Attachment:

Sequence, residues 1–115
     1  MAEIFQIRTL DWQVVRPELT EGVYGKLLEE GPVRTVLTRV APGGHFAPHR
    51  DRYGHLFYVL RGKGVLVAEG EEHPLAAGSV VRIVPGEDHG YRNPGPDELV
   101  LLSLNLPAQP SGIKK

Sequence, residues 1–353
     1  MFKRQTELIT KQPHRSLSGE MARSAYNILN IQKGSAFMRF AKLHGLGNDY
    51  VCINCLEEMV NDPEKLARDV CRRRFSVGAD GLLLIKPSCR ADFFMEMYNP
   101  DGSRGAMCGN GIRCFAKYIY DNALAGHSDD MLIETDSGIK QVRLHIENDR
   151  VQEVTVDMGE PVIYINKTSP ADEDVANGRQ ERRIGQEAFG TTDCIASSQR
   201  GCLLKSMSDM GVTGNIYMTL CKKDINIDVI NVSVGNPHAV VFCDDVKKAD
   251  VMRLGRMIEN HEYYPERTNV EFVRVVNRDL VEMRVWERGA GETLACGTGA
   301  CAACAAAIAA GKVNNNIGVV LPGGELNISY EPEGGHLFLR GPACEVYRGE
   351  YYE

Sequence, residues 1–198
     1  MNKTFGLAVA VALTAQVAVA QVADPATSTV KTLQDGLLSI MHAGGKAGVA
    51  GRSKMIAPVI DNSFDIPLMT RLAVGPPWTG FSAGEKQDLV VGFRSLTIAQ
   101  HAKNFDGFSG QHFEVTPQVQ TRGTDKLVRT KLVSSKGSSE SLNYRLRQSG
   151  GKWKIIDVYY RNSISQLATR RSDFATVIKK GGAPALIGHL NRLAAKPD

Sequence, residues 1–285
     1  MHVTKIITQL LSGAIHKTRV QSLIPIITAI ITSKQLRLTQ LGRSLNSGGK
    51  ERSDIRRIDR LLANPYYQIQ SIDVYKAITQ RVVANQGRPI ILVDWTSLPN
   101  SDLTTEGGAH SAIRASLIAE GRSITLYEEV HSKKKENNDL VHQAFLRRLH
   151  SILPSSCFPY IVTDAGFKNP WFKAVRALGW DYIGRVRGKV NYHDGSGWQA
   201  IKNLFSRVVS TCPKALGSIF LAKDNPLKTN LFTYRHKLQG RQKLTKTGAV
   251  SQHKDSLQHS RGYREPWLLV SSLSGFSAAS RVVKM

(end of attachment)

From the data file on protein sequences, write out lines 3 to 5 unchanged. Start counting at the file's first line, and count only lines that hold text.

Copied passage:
    51  DRYGHLFYVL RGKGVLVAEG EEHPLAAGSV VRIVPGEDHG YRNPGPDELV
   101  LLSLNLPAQP SGIKK

Sequence, residues 1–353